- Increased learning time. Compared to the district, we have three additional days in the school year and one additional hour of instruction per day, not to mention block scheduling and extra professional development.
- Ongoing community engagement. Again, I’m not sure what this will look like yet, but based on what I’ve heard from the principal and faculty so far, the school is moving in the right direction with regard to reaching out to parents with surveys and information about school offerings.
One last note: it has been pointed out to me that my blog and opinions sometimes make me sound like a naive ignoramus who drinks TFA kool-aid as if it were the elixir of life. To be clear, I do know that any system, framework, organization, or plan is bound to be flawed, just as I, as an individual, am flawed. Nevertheless, being mindful and confident that I am not here (as a teacher, as a corps member, etc.) by accident, but rather by the ineffable grace and sovereignty of God, one of the principles that I resolve to live by is Romans 13:1-5—to be subject to the “governing authorities” and do what is right, as a matter of submission but especially as a matter of conscience. Often, this amounts to giving TFA, my school, and the people I work under the “benefit of the doubt,” but it’s really about much more than that—it’s about being confident that “in all things, God works for the good of those who love Him, who have been called according to His purpose” (Romans 8:28).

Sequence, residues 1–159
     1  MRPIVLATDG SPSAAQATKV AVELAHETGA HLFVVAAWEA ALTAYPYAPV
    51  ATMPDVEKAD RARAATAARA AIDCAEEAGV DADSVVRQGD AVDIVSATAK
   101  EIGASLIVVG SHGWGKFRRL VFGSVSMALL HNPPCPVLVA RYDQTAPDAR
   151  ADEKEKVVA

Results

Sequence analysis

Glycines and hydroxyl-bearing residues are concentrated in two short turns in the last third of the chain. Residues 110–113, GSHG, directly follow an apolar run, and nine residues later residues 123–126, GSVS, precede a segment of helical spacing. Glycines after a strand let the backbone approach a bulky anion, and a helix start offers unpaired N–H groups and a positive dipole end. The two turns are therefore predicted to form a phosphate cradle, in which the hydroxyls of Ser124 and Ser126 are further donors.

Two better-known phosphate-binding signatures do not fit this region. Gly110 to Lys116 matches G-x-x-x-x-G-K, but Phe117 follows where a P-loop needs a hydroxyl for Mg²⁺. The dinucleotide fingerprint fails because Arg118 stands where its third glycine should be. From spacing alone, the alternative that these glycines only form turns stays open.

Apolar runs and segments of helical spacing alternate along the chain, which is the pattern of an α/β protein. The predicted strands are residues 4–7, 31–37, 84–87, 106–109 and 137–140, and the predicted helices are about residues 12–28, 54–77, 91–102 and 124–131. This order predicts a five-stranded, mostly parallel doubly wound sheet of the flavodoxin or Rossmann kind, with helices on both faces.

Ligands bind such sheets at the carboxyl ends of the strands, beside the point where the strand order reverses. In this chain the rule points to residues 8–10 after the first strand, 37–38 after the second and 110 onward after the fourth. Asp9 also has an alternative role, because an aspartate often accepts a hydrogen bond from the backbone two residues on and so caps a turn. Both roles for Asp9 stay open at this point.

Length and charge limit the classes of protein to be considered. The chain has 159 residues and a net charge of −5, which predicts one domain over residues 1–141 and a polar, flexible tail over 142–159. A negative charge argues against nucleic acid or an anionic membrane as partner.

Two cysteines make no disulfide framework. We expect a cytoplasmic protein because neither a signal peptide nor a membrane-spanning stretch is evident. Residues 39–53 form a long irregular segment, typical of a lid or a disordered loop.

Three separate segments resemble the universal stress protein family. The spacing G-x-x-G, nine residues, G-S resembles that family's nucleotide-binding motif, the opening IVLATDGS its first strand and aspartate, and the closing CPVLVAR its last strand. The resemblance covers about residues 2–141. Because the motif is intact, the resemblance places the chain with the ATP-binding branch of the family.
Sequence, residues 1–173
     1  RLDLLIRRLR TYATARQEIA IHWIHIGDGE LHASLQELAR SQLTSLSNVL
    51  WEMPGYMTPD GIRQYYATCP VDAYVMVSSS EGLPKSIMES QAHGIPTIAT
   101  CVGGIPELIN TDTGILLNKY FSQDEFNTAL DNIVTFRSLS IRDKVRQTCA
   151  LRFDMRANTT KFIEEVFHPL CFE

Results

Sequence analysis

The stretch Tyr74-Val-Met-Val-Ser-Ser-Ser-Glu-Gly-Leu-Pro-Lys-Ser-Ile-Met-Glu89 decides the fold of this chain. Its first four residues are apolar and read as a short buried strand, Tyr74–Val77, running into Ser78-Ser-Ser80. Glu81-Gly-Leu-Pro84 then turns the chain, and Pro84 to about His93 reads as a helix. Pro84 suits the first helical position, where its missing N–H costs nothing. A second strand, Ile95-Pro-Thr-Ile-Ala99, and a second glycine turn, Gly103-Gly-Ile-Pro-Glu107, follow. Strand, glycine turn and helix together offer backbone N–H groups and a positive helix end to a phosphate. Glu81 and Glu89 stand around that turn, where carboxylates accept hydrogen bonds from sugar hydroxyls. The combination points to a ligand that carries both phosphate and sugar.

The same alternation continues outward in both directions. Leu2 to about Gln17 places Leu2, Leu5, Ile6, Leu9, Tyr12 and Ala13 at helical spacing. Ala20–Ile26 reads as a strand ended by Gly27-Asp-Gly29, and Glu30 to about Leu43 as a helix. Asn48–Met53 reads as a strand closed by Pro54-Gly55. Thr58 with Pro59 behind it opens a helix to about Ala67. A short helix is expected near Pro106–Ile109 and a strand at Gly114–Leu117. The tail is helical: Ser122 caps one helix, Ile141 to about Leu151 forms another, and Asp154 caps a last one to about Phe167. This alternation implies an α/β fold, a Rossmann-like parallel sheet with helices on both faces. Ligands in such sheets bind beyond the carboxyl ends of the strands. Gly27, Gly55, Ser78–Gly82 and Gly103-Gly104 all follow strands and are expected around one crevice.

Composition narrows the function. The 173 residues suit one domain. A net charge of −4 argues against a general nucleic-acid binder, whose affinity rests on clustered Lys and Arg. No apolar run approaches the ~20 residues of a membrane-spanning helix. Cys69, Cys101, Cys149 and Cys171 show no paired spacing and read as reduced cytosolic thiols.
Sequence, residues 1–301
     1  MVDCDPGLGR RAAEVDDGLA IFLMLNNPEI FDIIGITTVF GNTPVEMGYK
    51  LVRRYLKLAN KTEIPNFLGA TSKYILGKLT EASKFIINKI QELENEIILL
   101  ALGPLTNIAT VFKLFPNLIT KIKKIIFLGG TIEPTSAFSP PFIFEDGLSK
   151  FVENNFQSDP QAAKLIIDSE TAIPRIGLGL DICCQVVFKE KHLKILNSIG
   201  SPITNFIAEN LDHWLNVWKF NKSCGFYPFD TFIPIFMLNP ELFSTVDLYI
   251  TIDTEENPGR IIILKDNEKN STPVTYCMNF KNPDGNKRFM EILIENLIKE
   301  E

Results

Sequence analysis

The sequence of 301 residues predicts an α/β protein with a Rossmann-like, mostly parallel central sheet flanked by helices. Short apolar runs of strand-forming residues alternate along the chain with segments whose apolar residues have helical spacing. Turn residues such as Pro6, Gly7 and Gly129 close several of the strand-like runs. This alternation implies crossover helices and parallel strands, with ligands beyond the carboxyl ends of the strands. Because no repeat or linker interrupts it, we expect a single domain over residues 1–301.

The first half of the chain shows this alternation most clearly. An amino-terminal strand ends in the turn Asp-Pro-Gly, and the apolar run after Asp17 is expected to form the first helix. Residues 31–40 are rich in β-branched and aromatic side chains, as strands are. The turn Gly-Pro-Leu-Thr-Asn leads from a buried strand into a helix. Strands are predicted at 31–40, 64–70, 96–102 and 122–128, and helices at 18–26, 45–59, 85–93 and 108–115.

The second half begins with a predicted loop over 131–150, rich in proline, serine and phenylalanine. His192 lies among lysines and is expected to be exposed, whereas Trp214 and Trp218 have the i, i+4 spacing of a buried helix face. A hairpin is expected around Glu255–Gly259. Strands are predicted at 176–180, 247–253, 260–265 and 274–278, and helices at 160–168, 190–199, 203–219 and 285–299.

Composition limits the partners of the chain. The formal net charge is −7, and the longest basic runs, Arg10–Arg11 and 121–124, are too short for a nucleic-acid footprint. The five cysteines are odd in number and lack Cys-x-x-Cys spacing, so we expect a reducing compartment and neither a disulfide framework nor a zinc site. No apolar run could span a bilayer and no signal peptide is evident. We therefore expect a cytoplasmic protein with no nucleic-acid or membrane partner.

I’ve been thinking a lot recently about why I’ve been called to be a teacher, when I could probably be doing equally meaningful work like fighting homelessness, serving in the mission fields, encouraging and relocating refugees, etc. I referenced Isaiah 58:6-10 in my first post, but the exhortations in that passage could just as easily be applied to any of the above enterprises. This past week, God was gracious to edify me through the words of John Piper (one of my favorite pastors) in his article, Back to School: A Biblical Perspective. I’ll spare you any extensive paraphrasing, but the main idea is that the business of education is God’s business; for who could want us to understand and appreciate knowledge more than the God of the universe, the Creator of quantum mechanics and active galactic nuclei, the Maker of the rules of logic, the One who declares that every tongue will confess that He is Lord? The education of children is a weighty and glorious responsibility, and I pray that I will never take it for granted.
In related news, having more free time to spend in prayer, praise, meditation, and especially the word has been such a blessing this past week. Acknowledging that there is no room to grow complacent, I can nevertheless say that I think I’m beginning to understand the sentiments of the psalmist in his description of the word of God as “more precious than gold” and “sweeter than honey” (Psalm 19:10), or the hymnist in his proclamation that “every day with Jesus is sweeter than the day before.” As I get settled into life here in Providence, as plans are created, executed, and reflected upon, and as the semester begins, bringing with it moments of joy, discouragement, and turbulence, I pray the prayer of Jim Elliot, the late and well-known missionary: “Consume my life, my God, for it is Thine. I seek not a long life but a full one, like you, Lord Jesus.”